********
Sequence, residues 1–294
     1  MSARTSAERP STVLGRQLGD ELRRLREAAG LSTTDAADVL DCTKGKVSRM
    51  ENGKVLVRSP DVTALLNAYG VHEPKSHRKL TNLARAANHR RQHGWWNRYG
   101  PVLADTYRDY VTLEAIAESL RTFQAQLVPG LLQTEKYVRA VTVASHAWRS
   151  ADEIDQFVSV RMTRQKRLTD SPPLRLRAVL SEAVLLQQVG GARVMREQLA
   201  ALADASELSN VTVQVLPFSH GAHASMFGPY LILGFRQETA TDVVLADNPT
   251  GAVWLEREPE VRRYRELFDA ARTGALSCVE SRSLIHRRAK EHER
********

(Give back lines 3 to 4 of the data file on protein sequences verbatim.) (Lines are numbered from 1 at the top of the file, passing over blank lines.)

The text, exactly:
    51  ENGKVLVRSP DVTALLNAYG VHEPKSHRKL TNLARAANHR RQHGWWNRYG
   101  PVLADTYRDY VTLEAIAESL RTFQAQLVPG LLQTEKYVRA VTVASHAWRS